The arty, experimental no wave quality of Blonde Redhead’s early material has given way to a style more sultry, sexy, breathy—more representative of the dark disco that’s been wearing out its welcome as of late. And it’s been a gradual process. The effect isn’t much different from the change in Chromatics after their acquisition of a female vocalist (a period rung in with a relatively dull cover of “Running Up that Hill,” natch).

Kazu Makino is less shrill and more stylish here than in past vocal appearances, and the increasingly glamorous approach to Blonde Redhead’s music, grown stronger over the last few albums, is at its height—essentially “Silently” off 2007’s 23 in multiple.

There is nothing much original about Penny Sparkle, and the angular guitar and interesting moods the band once produced are officially lost. This record is about controlled mood, and singing prettily, and catching up to a trend—the latter a sign of a band that is no longer relevant. In its own right, Penny Sparkle is actually a beautiful and cleanly produced record, perhaps influenced somewhat by Bjork’s Homogenic; however, it’s the production that overpowers the interesting musicianship that the band once pulled off, and will keep Penny Sparkle from becoming a memorable high point in Blonde Redhead’s career. [4AD]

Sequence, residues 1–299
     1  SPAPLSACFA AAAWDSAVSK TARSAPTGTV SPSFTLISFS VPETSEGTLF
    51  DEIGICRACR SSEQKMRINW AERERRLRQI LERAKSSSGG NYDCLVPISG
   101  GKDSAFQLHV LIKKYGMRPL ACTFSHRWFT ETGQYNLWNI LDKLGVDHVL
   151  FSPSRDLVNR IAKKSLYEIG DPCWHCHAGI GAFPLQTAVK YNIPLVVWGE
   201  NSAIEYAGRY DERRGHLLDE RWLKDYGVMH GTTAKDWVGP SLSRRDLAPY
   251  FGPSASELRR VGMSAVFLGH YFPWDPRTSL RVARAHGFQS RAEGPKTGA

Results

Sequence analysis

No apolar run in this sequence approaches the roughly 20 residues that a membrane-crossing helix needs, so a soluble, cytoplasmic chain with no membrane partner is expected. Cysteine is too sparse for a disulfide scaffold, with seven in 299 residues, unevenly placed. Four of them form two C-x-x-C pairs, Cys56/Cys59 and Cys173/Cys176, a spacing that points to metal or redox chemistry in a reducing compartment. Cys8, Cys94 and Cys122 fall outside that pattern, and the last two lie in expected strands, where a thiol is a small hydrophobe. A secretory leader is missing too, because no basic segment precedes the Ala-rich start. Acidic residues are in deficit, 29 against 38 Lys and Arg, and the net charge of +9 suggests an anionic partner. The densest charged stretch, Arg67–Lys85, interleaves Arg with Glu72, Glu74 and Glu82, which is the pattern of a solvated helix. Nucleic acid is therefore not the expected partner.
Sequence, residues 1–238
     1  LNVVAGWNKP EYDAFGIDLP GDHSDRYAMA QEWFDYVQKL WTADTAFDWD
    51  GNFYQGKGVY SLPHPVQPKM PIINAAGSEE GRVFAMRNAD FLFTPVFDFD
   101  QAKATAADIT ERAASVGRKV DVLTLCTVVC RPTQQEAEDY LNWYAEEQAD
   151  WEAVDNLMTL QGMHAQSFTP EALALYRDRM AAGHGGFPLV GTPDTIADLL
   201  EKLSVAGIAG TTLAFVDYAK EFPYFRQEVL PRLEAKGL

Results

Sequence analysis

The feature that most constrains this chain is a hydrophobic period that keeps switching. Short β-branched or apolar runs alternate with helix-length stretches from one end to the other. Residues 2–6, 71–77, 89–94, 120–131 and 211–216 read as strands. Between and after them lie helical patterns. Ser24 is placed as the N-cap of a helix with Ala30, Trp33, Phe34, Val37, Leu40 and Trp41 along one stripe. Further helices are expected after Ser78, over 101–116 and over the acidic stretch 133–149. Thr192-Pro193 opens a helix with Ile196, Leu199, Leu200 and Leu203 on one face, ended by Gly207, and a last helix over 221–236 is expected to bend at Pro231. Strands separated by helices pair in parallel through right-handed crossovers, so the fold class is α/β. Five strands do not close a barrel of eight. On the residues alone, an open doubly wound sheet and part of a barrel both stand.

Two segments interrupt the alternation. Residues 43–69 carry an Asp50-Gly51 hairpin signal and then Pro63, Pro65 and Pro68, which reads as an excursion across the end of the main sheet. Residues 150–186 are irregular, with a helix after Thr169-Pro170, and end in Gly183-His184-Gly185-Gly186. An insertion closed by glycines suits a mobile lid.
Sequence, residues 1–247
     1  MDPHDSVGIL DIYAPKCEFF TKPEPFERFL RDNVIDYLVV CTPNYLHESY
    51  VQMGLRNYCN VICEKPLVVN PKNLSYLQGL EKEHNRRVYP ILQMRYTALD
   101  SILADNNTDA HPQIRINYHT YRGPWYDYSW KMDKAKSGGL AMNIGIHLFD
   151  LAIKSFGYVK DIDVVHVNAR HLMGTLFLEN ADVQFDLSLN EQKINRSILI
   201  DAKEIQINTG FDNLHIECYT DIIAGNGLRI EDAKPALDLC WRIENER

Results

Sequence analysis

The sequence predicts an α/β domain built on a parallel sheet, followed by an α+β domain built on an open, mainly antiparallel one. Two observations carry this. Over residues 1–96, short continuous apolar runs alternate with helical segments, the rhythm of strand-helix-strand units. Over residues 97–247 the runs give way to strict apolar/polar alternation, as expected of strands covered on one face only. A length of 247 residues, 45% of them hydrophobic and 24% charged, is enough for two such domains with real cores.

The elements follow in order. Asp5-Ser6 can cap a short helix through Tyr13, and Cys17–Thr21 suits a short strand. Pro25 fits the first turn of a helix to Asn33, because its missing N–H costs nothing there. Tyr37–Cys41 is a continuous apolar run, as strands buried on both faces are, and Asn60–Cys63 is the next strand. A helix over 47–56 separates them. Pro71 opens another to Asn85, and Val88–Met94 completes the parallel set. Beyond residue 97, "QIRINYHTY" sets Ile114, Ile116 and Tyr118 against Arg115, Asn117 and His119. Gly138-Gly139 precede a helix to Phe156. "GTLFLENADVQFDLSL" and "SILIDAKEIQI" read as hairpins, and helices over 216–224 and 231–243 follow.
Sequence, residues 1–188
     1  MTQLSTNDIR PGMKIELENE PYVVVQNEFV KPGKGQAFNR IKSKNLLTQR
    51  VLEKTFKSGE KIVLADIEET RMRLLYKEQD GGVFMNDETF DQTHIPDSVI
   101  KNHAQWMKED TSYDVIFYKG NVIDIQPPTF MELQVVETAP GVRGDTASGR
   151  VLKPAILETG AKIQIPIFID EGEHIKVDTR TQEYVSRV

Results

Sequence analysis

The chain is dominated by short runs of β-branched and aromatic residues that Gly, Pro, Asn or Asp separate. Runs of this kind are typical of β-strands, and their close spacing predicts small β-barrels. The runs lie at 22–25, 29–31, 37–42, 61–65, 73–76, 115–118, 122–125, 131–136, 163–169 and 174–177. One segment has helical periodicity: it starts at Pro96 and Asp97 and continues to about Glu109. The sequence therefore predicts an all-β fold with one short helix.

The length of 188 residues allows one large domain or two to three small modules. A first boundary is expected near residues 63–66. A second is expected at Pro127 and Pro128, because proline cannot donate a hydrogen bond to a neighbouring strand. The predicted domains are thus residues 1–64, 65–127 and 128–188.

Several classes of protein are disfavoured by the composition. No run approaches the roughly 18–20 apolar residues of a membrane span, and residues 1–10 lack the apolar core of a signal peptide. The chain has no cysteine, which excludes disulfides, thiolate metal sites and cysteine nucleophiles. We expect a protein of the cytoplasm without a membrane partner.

-China Bialos



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